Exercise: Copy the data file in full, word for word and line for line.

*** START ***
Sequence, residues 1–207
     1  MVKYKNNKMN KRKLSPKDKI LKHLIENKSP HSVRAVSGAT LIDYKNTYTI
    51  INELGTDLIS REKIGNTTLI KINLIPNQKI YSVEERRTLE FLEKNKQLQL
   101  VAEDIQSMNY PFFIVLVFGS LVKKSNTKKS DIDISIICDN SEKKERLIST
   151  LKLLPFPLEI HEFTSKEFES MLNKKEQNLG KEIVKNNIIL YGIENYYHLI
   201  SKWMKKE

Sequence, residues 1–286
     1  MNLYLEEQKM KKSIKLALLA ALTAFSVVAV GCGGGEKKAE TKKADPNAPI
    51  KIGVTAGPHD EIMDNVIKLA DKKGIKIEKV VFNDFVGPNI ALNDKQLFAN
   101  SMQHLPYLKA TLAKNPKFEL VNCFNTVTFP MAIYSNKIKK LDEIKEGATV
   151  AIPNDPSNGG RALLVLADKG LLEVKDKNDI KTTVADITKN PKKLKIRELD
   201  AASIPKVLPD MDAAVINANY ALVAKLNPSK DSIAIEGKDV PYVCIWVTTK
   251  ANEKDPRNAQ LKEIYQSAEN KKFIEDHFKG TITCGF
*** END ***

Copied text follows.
Sequence, residues 1–207
     1  MVKYKNNKMN KRKLSPKDKI LKHLIENKSP HSVRAVSGAT LIDYKNTYTI
    51  INELGTDLIS REKIGNTTLI KINLIPNQKI YSVEERRTLE FLEKNKQLQL
   101  VAEDIQSMNY PFFIVLVFGS LVKKSNTKKS DIDISIICDN SEKKERLIST
   151  LKLLPFPLEI HEFTSKEFES MLNKKEQNLG KEIVKNNIIL YGIENYYHLI
   201  SKWMKKE

Sequence, residues 1–286
     1  MNLYLEEQKM KKSIKLALLA ALTAFSVVAV GCGGGEKKAE TKKADPNAPI
    51  KIGVTAGPHD EIMDNVIKLA DKKGIKIEKV VFNDFVGPNI ALNDKQLFAN
   101  SMQHLPYLKA TLAKNPKFEL VNCFNTVTFP MAIYSNKIKK LDEIKEGATV
   151  AIPNDPSNGG RALLVLADKG LLEVKDKNDI KTTVADITKN PKKLKIRELD
   201  AASIPKVLPD MDAAVINANY ALVAKLNPSK DSIAIEGKDV PYVCIWVTTK
   251  ANEKDPRNAQ LKEIYQSAEN KKFIEDHFKG TITCGF